Sunday, November 28, 2010


My first reaction to the WikiLeaks story was anger. What WikiLeaks are doing is probably underhanded and self-righteous, but under the Constitution, the United States government cannot infringe on free speech. WikiLeaks is no different than a newspaper or pamphleteer from the 18th century.

The sheer number, and the nature of the leaked documents suggests incompetence, or worse. If the US government has secrets to keep, then it had better keep them well. It should prosecute anyone with a security clearance caught leaking documents, to the full extent of the law. Someone who feels inclined to leak classified documents should be prepared to face the consequences as part of the courage of their convictions (or profit motive).

Finally, my government had better be conducting itself in ways that I would not be ashamed of, should its covert operations be exposed. Unfortunately, a government as big and powerful as the current regime is frightfully likely to be doing all kinds of things that lots of people would be ashamed of.

Update: I still think shooting the messenger is the wrong approach. Assange might be an anti-American twit, but he isn't really the problem. The ineptitude of our government is the problem. As far as the leaker(s), if he (they) disagrees with our government on principle, then they should be willing to die for their convictions. Otherwise, they're not convictions, they're just preferences. And treason is the only crime that our Constitution mentions specifically. It carries the death penalty. That is to deter people who would commit treason out of preference instead of conviction. Our government should be prosecuting for treason, and executing those found guilty of it. That was the agreement.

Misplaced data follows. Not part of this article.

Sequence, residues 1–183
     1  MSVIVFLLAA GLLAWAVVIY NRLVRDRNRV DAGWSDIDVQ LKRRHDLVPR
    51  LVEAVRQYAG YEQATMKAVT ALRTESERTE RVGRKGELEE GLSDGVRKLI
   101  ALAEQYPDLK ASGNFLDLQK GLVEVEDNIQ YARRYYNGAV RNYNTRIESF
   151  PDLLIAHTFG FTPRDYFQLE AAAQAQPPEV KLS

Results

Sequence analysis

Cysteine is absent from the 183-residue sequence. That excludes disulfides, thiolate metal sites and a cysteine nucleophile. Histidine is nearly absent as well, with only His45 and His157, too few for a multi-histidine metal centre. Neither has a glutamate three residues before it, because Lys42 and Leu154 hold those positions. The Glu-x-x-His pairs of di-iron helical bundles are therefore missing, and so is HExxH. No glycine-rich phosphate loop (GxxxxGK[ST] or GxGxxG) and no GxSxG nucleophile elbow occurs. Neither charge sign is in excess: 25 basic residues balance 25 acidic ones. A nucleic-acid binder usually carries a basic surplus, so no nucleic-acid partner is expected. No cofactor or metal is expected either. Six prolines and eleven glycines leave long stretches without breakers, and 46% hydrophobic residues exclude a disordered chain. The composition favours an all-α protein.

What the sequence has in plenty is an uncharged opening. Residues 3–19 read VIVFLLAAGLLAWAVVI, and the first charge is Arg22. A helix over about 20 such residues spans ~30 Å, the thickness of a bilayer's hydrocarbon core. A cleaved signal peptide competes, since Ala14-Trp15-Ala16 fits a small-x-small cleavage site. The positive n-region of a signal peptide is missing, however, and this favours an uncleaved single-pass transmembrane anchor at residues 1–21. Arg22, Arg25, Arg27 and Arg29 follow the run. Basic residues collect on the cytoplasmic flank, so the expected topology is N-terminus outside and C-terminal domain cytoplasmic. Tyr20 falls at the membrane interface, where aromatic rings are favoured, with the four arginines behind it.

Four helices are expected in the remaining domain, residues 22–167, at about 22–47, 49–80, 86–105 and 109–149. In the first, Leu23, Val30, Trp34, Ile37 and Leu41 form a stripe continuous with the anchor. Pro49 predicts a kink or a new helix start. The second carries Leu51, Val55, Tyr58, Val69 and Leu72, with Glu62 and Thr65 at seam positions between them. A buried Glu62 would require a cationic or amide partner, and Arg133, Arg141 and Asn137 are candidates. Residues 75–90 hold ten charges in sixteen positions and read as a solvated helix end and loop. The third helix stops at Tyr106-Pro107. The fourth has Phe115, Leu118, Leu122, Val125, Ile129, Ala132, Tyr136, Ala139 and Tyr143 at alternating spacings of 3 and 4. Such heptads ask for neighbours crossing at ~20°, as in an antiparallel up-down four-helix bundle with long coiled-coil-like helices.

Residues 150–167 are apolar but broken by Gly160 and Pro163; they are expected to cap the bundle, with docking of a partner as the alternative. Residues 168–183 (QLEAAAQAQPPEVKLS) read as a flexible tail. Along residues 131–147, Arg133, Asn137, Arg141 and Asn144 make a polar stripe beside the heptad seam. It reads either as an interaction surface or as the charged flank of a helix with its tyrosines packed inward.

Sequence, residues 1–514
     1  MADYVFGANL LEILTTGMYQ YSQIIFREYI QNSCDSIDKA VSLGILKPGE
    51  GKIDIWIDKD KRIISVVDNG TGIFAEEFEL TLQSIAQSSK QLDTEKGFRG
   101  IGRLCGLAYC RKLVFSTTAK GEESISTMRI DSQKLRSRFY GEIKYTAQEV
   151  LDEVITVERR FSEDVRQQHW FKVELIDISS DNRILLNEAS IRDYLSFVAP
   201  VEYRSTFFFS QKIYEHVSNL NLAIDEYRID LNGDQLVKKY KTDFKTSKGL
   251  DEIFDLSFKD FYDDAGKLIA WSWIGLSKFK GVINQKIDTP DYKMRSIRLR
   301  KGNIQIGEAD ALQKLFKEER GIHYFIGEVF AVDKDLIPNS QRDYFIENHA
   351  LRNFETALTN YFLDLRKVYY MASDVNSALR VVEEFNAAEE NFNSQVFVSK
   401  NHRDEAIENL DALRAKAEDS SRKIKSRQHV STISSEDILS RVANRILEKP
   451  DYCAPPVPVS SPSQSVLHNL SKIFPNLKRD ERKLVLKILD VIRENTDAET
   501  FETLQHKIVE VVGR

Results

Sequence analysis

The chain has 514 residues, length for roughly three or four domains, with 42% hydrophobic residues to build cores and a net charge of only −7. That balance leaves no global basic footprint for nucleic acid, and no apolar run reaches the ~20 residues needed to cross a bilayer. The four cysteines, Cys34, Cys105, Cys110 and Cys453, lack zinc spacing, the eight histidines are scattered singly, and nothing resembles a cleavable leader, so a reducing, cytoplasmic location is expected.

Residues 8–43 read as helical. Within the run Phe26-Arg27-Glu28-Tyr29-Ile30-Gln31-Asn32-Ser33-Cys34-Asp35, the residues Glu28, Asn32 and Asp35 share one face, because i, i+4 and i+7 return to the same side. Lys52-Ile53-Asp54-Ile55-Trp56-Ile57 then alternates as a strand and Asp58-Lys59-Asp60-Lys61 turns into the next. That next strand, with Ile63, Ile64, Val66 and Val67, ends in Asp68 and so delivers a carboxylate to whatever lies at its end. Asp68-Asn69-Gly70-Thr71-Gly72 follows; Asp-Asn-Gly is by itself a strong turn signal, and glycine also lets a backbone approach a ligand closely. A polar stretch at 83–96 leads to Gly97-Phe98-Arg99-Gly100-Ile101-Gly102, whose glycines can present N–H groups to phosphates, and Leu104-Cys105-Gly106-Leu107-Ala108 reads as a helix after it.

1. Those who leak government secrets have no justification.

  2. Anonymous,

    People should be prepared to die for their convictions. If they are not prepared to die, then they're not convictions; they're merely preferences.

    Treason is the only crime specifically mentioned in the Constitution (Article 3, Section 3). It carries a penalty of death.


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